All of the full-line manufacturers, based in Ontario and Québec, were affected by changes in the retail trade. Camco, 51% owned by CGE, competes largely through the Hotpoint, GE and Moffat brand names, and manufactured part of the Beaumark line for the Bay and Simpsons. Inglis, 43% owned by Whirlpool, competed with the Admiral, Inglis and Whirlpool names and manufactured the Kenmore line for Sears. White, almost wholly owned by Electrolux of Sweden, competed with the White-Westinghouse, Kelvinator and Frigidaire names and manufactured much of the Viking line for Eaton's and certain models in the Beaumark line.

Economic Performance

Although industry exports had increased and imports declined (largely because of weakness in the Canada dollar), a trade deficit in major appliances still prevailed in 1982, which was the worst year the industry had faced in over a decade as sales declined by 20%. A recovery began in 1983 and continued at a somewhat slower pace in 1984. Microwave ovens represent the only bright spot in the industry. Sales of microwaves have climbed steadily since 1976, when 65 000 units were sold, to 1986, when sales reached 1 075 000 units.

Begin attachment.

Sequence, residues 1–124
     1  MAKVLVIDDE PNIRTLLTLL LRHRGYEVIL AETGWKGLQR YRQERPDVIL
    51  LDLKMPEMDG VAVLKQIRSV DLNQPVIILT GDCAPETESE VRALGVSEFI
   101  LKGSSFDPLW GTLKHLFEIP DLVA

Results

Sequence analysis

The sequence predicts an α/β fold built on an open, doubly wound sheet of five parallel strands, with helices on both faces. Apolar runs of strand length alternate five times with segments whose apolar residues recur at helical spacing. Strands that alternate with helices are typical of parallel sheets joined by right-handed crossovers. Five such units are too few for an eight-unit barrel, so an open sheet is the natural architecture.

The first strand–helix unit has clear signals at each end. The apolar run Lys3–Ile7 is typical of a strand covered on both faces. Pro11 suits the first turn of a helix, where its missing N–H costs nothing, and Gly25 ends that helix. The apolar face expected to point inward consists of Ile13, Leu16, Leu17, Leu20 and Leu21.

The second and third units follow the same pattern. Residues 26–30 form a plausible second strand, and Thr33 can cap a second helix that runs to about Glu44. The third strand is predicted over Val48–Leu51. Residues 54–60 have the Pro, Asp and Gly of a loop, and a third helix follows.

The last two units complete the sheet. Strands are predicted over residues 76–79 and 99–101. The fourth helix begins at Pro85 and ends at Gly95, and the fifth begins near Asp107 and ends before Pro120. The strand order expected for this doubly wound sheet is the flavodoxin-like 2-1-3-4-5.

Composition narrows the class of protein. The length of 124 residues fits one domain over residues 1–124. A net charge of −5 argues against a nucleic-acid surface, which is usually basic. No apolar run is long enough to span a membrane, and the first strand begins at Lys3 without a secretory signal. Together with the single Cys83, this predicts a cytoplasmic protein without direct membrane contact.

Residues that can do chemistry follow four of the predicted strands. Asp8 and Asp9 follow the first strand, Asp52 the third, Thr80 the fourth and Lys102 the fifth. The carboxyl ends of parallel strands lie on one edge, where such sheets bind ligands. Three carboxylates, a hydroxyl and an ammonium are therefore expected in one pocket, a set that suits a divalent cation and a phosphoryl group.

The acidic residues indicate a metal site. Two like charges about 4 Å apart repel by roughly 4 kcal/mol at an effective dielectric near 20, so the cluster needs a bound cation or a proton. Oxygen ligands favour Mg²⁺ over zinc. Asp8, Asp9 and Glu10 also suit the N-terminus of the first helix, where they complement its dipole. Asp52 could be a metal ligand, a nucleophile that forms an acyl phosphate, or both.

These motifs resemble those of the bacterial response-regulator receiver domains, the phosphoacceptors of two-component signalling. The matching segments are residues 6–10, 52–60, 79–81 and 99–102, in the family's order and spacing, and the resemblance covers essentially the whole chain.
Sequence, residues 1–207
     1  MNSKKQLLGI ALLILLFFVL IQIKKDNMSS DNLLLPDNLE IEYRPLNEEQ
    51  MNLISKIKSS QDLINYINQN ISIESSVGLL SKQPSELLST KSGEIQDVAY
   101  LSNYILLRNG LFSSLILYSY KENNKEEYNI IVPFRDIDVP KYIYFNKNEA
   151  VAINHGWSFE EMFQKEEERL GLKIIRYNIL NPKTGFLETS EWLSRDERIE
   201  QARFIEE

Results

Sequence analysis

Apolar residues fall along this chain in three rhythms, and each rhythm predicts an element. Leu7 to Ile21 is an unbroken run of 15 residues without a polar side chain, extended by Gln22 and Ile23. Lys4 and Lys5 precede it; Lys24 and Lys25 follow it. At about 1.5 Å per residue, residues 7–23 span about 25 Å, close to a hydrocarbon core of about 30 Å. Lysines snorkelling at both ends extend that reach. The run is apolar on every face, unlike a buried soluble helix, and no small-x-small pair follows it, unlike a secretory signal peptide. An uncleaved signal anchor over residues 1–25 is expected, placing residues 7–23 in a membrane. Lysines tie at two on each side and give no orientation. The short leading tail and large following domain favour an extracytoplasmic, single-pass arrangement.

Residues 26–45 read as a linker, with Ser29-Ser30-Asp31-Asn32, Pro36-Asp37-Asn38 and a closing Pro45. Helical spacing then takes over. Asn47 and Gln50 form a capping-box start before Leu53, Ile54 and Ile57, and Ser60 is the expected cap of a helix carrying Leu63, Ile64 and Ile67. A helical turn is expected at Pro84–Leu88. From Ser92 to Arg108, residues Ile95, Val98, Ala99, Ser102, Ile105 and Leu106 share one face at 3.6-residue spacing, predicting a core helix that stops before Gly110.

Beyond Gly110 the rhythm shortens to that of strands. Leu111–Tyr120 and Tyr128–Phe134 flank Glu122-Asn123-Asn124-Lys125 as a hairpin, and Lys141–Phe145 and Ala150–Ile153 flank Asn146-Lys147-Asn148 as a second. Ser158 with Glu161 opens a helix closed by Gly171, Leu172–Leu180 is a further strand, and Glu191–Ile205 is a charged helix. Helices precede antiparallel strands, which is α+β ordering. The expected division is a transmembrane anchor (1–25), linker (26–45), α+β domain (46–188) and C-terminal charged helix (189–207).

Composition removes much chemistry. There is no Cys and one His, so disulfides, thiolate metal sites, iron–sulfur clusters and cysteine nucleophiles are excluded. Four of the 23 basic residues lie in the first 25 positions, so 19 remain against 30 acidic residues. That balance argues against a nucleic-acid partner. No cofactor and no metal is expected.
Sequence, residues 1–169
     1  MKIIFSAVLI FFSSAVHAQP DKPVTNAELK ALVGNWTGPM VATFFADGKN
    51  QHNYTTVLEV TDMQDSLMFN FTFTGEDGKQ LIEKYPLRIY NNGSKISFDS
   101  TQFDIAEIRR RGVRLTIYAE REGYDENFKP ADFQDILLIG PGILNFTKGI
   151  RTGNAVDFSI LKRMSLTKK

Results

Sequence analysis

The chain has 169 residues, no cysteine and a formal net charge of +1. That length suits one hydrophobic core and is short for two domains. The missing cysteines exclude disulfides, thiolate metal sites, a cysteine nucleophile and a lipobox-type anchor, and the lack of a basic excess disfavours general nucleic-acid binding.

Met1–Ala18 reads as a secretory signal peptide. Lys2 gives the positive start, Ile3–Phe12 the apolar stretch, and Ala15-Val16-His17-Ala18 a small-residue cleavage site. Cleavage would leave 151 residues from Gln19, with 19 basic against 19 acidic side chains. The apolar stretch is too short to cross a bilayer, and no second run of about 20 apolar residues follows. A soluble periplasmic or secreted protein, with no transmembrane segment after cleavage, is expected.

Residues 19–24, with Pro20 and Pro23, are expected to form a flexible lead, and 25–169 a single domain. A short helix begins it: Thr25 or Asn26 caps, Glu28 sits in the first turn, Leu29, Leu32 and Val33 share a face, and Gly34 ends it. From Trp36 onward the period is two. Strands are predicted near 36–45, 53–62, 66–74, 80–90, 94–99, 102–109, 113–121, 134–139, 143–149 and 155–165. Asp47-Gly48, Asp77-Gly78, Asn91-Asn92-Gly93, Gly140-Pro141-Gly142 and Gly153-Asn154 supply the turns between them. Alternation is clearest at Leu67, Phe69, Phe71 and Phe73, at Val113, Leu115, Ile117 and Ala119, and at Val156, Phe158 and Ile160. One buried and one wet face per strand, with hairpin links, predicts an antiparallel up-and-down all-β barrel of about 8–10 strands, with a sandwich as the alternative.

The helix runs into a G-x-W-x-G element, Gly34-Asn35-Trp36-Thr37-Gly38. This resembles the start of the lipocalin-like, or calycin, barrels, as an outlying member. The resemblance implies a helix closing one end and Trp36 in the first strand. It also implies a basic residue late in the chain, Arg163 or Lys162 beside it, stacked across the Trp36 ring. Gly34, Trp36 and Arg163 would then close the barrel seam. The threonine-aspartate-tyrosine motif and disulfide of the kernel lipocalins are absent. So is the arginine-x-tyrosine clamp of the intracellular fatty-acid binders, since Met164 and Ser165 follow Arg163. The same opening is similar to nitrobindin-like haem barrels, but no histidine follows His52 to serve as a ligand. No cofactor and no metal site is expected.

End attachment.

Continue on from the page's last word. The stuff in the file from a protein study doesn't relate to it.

Unit sales of appliances as a whole, however, had been in decline since 1978. The decline was caused by high saturation levels of core products and low replacement buying. For example, the same proportion of Canadian households (over 99%) owned a refrigerator in 1986 as in 1976. Saturation levels for electric ranges (93%) and automatic washers (76%) had not grown either. Clothes dryers had grown modestly from 55% in 1976 to 69% in 1986.

Beyond the core products, saturation levels varied. Freezers reached 58% in 1986, but room air conditioners had reached only 18%. With the newer products, Canadian saturation levels were still catching up with those in the US. Dishwashers reached 26% in Canada in 1979, compared to 43% in the US. By 1986 the Canadian figure was 38%. A similar pattern arose with microwaves: in 1982 US saturation was around 27%; Japanese, 31%; and Canadian, 10%. By 1986 the Canadian figure had reached 44% and US ownership of microwaves was about 60%.


The Canadian work force in the industry is represented by several unions, including the United Electrical Workers (UEW). Employment in the industry has declined from 11 888 in 1976 to 6902 in 1981, partly because of reduced output but largely as a result of improved efficiency. Canadian wage rates in the major-appliance industry, on average, were higher than those in the US in the mid-1970s, but the relative decline in the Canadian dollar had reversed this situation by the early 1980s.

By 1984 both countries were facing strong competition from manufacturers in the Far East and Latin America in low-cost component parts. The industry is represented by the Canadian Appliance Manufacturers Association which, in turn, is a section of the Electrical and Electronic Manufacturers Association of Canada, with head offices in Toronto.